Book Repair: Hinge Tightening I
In libraries large and small, minor repair is a critical component in overall efforts to care for collections of books and journals. Bound volumes mended as soon as they show signs of damage may never require more complex repair or binding. A book with tightened hinges is sometimes more sturdy after treatment than it was at the time of purchase.
Following are instructions for carrying out three basic cost-effective procedures for repairing hard-cover volumes. They were prepared to accompany all-day demonstrations presented at the 1998 Annual Meeting of the American Library Association in Washington, DC. The Library of Congress generously offered space in the LC exhibit booth in support of this pilot project. It focuses on early intervention as a means of delaying or eliminating the need for more time consuming and expensive treatment.
This project was made possible through generous support from Acme Bookbinding (Charlestown, MA), Bridgeport National Bindery (Agawam, MA), Conservation Resources International (Springfield, VA), Gaylord Bros. (Syracuse, NY), Information Conservation Incorporated and the Etherington Conservation Center (Brown Summit, NC), the Library Binding Institute (Edina, MN), Library Binding Service (Des Moines, IA), Ocker & Trapp Library Bindery (Emerson, NJ), SOLINET (Atlanta, GA), and University Products (Holyoke, MA).
Hinge Tightening I
Inspect the hinge of the volume at the head and tail to see if the text block has become loose in its case. If the endpapers are pulling away from the inside of the case but are still securely attached to the text block, Hinge Tightening I may be an appropriate treatment. If neglected, a text block that has become loose in its case is likely to sustain additional damage each time it is used until the binding fails altogether.
Assemble the following: Polyvinyl Acetate Adhesive (PVA) in a tall thin container, knitting needles or plastic rods of various thickness, waxed paper, and a bone folder. A book press and metal-edged boards (or appropriate substitutes) will also be needed.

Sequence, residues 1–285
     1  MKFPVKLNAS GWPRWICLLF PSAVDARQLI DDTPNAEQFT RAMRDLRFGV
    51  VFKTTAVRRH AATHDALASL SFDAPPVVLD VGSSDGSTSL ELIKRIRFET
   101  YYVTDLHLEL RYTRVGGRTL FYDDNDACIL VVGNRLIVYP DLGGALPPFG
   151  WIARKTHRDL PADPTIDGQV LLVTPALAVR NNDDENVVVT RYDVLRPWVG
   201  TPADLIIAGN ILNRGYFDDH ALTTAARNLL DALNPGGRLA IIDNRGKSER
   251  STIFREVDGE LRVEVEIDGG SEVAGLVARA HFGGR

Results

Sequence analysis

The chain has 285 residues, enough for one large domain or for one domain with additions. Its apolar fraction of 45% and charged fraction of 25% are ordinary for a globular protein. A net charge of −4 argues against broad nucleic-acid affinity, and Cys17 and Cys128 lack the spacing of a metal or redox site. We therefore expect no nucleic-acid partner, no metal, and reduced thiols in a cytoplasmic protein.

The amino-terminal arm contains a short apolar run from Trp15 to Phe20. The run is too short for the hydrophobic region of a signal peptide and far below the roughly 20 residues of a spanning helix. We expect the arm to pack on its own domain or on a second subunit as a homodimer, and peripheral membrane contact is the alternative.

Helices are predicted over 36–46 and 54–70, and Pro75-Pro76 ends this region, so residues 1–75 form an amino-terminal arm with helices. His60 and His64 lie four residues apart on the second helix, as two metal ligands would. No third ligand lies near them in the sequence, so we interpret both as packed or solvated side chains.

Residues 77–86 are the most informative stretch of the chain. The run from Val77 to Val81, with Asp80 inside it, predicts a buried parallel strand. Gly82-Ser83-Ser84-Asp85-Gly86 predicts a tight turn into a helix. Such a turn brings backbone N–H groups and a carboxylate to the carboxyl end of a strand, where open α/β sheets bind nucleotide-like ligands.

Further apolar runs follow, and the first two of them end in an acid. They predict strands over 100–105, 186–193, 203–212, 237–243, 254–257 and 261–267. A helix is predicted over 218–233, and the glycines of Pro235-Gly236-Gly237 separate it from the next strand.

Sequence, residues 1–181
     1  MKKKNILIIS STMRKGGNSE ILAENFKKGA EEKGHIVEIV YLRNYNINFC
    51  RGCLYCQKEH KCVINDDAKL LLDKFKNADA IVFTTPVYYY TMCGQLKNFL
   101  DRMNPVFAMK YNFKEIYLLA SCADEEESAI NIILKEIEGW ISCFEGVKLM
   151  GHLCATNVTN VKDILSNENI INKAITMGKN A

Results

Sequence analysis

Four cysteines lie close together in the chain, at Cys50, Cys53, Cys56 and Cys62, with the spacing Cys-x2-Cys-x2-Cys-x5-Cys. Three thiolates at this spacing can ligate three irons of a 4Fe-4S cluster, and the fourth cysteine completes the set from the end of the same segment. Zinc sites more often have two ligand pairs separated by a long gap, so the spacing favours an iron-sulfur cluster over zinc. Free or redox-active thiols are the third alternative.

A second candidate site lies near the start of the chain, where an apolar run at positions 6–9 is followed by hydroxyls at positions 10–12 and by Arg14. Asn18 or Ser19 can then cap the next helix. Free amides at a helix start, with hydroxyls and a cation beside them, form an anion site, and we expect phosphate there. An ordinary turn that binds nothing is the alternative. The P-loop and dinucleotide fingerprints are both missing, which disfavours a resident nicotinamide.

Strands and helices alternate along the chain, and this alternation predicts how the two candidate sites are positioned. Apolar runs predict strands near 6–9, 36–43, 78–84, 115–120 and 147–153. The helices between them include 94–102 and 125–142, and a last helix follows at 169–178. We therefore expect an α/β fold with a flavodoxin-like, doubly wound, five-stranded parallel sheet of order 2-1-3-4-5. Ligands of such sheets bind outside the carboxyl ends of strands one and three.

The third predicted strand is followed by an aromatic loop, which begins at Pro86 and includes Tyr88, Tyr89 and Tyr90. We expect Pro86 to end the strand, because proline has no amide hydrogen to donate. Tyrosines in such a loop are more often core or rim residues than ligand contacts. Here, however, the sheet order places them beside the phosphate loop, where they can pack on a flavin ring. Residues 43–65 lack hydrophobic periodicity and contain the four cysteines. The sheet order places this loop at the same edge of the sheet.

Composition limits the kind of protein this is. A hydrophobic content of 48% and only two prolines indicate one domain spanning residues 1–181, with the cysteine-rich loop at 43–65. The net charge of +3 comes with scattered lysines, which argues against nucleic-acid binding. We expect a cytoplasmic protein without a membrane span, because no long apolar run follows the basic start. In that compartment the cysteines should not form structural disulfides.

Step 1: Applying adhesive in the hinge
Stand the book on its tail. With one hand, prop open the loose hinge as wide as possible. Dip the knitting needle into the adhesive, scraping excess adhesive off as you draw the needle out of the container. Push the needle into the hinge as far as it will go, using a twirling motion. Apply the adhesive thoroughly to the exposed area. Turn the book on its head and perform the same procedure if needed at this end as well.
Step 2: Preparing for pressing
Lay the book flat and align the text block squarely in its case. Open the cover part way, and using the long edge of the bone folder, gently press the fold of the endpaper into the hinge. Insert a sheet of waxed paper as far as possible back into the hinge. This will prevent excess adhesive from sticking to the endpaper and assure proper opening of the book after drying.
Step 3: Setting the hinge
Check to make sure that the text block is still square in its case. Then run the long edge of a bone folder down the length of the outer hinge of the case, applying even pressure.
Step 4: Pressing the book using plain boards
Press the book for several hours or over night, making sure that even pressure is applied in the joints. This can be accomplished using thin, rigid boards (Masonite, for example), appropriately sized knitting needles, and about 10 lbs. of weight. Select two needles that fit in the joints and are slightly thicker than the covers. Align the needles, sandwich the book between the boards, and apply weight.
Step 4: Pressing the book using metal edged boards
Metal-edged boards eliminate the need for knitting needles because one edge of each board is fitted with a metal strip that overhangs the board approximately 1/8" on each side. The resulting flange fits into the joint of a book and, under weight, exerts even pressure along it.
Step 4: Pressing the book in a book press
The easiest and most efficient means of pressing is to use a book press and metal edged boards. This traditional equipment facilitates careful control of pressure.